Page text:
This entry was posted on April 2, 2015 by Miko Premo.
One of my favorite things to do at Isadoras Antique Jewelry is to introduce a new client to the magic of antique diamond cuts. Because for many, once they go antique, they can never go back. Antique diamond cuts have a depth of sparkle that cannot be matched by the surface sparkle of a modern cut diamond. Antique diamonds draw the eye inward. And because most antique diamonds are cut by hand they have an individuality and character that cannot be emulated. And so, while an antique diamond can never be summed up by its parts, here is my attempt to explain the distinction between six of my favorite antique diamond cuts--the rose cut, old mine cut, old european cut, transitional cut, early modern brilliant cut & asscher cut.
With the exception of the rose cut diamond, most diamond cuts include a table, crown & pavilion. As you read about the diamonds below, understanding these three facets of a diamond's cut, will help you understand the distinction between the different cuts.
Rose Cut Diamonds: Popular from the 1600’s through the 1900’s, a rose cut is one of the very oldest faceted stone cuts. Often described as a faceted cabochon cut stone, the rose cut, unlike a modern gemstone cut has a flat base and a faceted domed top, causing it to look like a rose about to unfurl its petals. Rose cuts are a very shallow cut of stone so they often look larger than their carat weight at first glance.
Old Mine Cut Diamonds ( Miner's Cut Diamond ): Dating from the mid 1800’s through the 1900’s, Old Mine cut diamonds are most often found in Georgian and Victorian jewelry. Primarily hand cut with the aid of early machines, they are a favorite stone for those who love stones with deeply individual character, as each stone is hand cut and uniquely beautiful. I have to confess the old mine is my very favorite stone cut. The predecessor to the Old European cut and brilliant cut, from the top, they look like a gently rounded square. A deep cut, they have a high crown, small table and flat culet.
Old European Cut Diamonds: The Old European cut dates from the 1870’s through the 1930’s. It was popular during the Victorian, Edwardian & Art Deco eras. One of Isadora’s very favorite cuts, the Old European cut diamond is round, viewed from above. Like the Old Mine Cut Diamond, it has a high crown, small table and flat culet. It has 58 facets and is the predecessor to the modern brilliant cut diamond. The differences between an Old European cut and a brilliant cut stone are subtle, but distinct. Both have a beautiful sparkle, but an Old European cuts sparkle draws the eye inward while the brilliant cut tends to have an outward moving sparkle.
Transitional Cut Diamonds: One of the cuts with the shortest time period, the transitional cut, is none-the-less a gorgeous cut. Cut from approximately 1918 through the 1920’s and perfected by Henry Morse and his partner Charles Field, the transitional cut diamond is a round, faceted cut. An evolution of the Old European cut, the transitional cut (sometimes known as the Early American Cut) has a lower crown, more medium table, shorter pavilion and smaller culet than the Old European cut. This a very consistently proportioned and beautiful stone cut.
Early Modern Brilliant Cut Diamonds: Invented in 1919 by Marcel Tolkowsky, the brilliant cut for the first time put very specific proportions and mathematical computation to the cutting of stones in order to create maximum brilliance and dispersion of light. [For the highly interested: Given the diamond’s diameter to be equal to 100, the table should be 53% total depth 60-61% crown depth 16.2%, and pavilion depth 43.1%. Also ideal crown angle should be 34.5% and optimum pavilion angle 40.75%]. The Early Modern Brilliant cut has continued to evolve since its creation in 1919 and is one of the most popular cuts of stone to this day.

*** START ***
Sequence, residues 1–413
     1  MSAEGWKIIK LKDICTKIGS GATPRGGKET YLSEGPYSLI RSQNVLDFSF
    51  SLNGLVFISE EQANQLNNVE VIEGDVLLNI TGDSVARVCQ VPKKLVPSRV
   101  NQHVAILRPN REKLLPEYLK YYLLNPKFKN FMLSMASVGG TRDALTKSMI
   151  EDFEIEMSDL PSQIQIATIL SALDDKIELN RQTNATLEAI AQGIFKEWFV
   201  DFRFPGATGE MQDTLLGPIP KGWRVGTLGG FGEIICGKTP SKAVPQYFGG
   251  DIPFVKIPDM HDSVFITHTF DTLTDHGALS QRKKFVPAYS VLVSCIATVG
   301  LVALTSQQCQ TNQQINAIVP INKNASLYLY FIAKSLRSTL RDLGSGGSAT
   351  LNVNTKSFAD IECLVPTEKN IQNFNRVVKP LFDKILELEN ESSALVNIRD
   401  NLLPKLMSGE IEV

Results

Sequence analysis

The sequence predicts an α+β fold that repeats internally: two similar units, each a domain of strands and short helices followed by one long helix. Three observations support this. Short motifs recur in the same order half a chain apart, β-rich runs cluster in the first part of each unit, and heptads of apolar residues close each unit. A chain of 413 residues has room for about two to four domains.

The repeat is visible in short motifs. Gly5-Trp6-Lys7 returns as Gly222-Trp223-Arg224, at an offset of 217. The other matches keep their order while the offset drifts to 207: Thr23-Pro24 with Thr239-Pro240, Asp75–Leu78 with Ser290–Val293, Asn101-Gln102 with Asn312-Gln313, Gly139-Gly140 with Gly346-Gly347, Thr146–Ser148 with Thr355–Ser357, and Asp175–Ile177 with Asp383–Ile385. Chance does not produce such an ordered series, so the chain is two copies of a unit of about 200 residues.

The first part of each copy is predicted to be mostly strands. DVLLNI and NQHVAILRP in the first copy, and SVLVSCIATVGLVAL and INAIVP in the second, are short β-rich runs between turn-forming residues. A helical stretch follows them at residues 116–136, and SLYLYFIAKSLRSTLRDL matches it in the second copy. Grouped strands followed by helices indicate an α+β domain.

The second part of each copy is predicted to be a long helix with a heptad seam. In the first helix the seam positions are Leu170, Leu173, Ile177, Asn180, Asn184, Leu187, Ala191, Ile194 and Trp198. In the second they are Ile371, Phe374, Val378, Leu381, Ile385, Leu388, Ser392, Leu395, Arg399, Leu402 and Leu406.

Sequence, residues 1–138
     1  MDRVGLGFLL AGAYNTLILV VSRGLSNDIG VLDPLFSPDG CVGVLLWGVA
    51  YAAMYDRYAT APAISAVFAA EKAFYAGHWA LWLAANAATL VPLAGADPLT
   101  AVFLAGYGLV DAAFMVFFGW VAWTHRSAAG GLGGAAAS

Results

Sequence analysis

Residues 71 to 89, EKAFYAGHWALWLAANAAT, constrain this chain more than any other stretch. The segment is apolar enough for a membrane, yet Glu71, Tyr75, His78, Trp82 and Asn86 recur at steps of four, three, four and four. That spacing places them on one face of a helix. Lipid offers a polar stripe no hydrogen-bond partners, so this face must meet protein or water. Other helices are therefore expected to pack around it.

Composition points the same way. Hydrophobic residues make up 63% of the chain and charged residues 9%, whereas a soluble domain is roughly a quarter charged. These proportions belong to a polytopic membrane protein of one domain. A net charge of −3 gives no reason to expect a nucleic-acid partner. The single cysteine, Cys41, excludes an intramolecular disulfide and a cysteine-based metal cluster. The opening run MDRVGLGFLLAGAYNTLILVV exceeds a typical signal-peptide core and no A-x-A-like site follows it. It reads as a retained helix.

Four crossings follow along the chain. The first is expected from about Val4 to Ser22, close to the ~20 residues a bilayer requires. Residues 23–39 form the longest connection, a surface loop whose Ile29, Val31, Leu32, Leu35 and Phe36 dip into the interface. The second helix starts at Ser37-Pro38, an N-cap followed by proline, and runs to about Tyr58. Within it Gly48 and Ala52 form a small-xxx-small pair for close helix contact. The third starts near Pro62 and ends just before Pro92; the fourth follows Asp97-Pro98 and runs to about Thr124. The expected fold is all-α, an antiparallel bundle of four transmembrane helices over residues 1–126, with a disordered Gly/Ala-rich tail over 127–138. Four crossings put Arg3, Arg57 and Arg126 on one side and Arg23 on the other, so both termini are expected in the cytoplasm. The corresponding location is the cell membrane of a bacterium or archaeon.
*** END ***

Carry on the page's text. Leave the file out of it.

Asscher Cut Diamonds: Developed in 1902 and popular during the Art Deco era for its geometric form and square step cut shape, the vintage Asscher cut is one of the most rare and beautiful of cuts. The Asscher cut is square or rectangular with wide corners. The crown is usually very high with a small table and large culet. As only the most expert cutters cut Asscher cuts, and only the finest stones were used, Asscher cut are almost always exceptional. In cutting the diamond you must loose a lot of the stone, which is one of the reasons the Asscher cut is so rare and those that exist so valuable.
** A Note About Culets. If you are looking at an older diamond and wondering why it looks like there is a tiny dot in the very center of the stone, you have probably located the culet. One of the idiosyncrasies of older cut stones, particularly Old European cuts and Old Mine cuts, is the existence of a culet. Modern stones come to a point at the very base of the diamond. In older stones they actually created a facet where that point now exists. And when you look at the top of the ring it almost looks like you can see a tiny dot in the center of the stone. The older the stone, often, the larger the culet.
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This entry was posted in Gemstones and tagged Antique Diamond Cuts, Early Modern Brilliant Cut Diamonds, Asscher Cut Diamonds, Transitional Cut Diamonds, Old European Cut Diamonds, Miner's Cut Diamonds, Old Mine Cut Diamonds, Rose Cut Diamonds on April 2, 2015 by Miko Premo.
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